As with other developmental milestones and abilities, the age at which children learn language and begin to speak can vary. Knowing a few things about speech and language development can help parents know whether or not they should be concerned.
Signs of a speech or language delay
A baby who does not react to sound or who does not vocalize should be evaluated by a doctor as soon as possible. But it is often difficult for parents to know if their child is just taking longer to reach an developmental milestone in speech or language development or if he or she has a problem.
- at 12 months : does not use gestures, such as pointing or waving
- to 18 months : he prefers to communicate with gestures rather than vocalizations
- 18 months: has difficulty imitating sounds
- has difficulty understanding simple verbal commands
- at 2 years : only imitates the speech or actions of others but does not generate words or phrases spontaneously
- 2-year-olds: only makes some sounds or words repeatedly and cannot use spoken language to communicate more than immediate needs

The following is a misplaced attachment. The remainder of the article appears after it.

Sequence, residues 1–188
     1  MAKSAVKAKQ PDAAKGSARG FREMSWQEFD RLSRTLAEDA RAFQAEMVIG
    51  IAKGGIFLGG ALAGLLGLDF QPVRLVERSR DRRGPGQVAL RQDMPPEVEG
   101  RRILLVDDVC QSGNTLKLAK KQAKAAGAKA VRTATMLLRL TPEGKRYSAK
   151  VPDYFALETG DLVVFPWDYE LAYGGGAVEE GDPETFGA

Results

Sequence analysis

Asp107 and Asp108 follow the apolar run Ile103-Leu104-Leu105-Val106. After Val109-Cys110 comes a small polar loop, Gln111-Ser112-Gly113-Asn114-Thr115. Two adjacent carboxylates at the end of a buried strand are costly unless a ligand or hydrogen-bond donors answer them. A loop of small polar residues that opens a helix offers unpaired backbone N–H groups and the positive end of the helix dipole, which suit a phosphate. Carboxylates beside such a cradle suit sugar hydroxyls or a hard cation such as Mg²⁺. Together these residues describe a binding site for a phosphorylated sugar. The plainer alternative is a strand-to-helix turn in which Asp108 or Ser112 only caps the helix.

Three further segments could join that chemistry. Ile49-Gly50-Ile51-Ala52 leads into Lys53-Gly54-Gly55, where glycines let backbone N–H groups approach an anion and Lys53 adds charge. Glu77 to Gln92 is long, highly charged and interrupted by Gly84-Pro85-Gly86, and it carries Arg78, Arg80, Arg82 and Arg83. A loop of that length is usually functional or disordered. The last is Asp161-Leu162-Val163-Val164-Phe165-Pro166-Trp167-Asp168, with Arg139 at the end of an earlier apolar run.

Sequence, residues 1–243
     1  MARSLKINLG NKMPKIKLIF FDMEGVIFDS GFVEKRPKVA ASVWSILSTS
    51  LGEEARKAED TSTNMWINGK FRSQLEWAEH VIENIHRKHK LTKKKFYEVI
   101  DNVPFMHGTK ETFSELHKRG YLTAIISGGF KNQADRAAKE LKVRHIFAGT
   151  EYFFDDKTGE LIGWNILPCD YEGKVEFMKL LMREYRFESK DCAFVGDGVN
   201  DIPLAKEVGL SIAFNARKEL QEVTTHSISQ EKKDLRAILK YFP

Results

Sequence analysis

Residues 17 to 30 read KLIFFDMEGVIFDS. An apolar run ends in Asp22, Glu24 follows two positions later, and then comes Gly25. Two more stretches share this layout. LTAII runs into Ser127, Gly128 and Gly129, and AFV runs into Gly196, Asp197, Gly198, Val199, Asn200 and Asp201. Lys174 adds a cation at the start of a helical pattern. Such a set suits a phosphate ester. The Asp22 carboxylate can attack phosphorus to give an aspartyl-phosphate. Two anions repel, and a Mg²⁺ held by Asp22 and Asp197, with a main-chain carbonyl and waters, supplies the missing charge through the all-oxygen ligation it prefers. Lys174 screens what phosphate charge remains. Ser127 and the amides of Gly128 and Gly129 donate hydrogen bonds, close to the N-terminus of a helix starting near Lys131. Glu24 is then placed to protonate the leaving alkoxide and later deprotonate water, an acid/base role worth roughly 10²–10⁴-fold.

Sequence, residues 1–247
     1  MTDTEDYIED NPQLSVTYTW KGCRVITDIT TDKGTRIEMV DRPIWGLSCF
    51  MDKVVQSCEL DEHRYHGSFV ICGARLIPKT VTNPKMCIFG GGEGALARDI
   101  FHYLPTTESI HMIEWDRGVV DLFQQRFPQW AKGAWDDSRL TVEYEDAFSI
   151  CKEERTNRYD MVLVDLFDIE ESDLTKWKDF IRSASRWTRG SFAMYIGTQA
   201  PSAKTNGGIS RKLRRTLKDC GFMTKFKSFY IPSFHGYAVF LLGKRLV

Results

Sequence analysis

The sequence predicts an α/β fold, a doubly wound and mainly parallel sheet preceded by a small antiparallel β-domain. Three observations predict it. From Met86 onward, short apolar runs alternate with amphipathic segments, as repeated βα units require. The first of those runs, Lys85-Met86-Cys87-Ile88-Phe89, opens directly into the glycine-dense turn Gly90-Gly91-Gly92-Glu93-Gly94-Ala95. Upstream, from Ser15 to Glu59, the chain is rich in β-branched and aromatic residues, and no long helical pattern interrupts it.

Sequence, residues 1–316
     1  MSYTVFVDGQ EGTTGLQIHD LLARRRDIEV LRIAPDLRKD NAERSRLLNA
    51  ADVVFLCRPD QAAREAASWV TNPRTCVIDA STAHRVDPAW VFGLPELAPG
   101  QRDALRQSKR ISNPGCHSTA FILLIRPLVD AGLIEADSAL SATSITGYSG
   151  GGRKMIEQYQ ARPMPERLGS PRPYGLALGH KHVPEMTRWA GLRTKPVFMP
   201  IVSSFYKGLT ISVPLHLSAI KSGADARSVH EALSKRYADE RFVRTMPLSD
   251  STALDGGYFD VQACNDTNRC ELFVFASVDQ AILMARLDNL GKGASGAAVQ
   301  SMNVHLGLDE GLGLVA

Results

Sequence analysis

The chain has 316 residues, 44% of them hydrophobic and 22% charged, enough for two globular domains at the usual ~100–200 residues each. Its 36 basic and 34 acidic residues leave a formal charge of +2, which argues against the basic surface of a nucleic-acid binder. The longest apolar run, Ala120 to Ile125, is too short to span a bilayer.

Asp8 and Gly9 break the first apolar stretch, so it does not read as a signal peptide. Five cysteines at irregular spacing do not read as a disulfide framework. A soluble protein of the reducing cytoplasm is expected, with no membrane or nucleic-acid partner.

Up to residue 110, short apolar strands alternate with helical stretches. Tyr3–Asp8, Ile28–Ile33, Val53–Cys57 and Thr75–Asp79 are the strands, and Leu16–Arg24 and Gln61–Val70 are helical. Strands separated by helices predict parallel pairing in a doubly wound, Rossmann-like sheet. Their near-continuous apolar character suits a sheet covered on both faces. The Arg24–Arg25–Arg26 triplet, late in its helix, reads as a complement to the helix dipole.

- 2 years old: cannot follow simple instructions
- 2 years old: has a strange tone of voice or strange pronunciation (such as hoarseness or nasalness)
- Parents and regular caregivers of the child should understand about 50% of what a 2-year-old says and about 75% of what a 3-year-old says.
Causes of speech or language delays
A speech delay in a child can be due to:
- oral problems, such as changes in the tongue or palate
- a short frenulum (the crease under the tongue), which can limit tongue movements
These occur when there is a problem in the areas of the brain responsible for the production of speech. This makes it difficult for the child to coordinate lips, tongue, and jaw to make speech sounds. These children may have other oral-motor problems, such as feeding difficulties.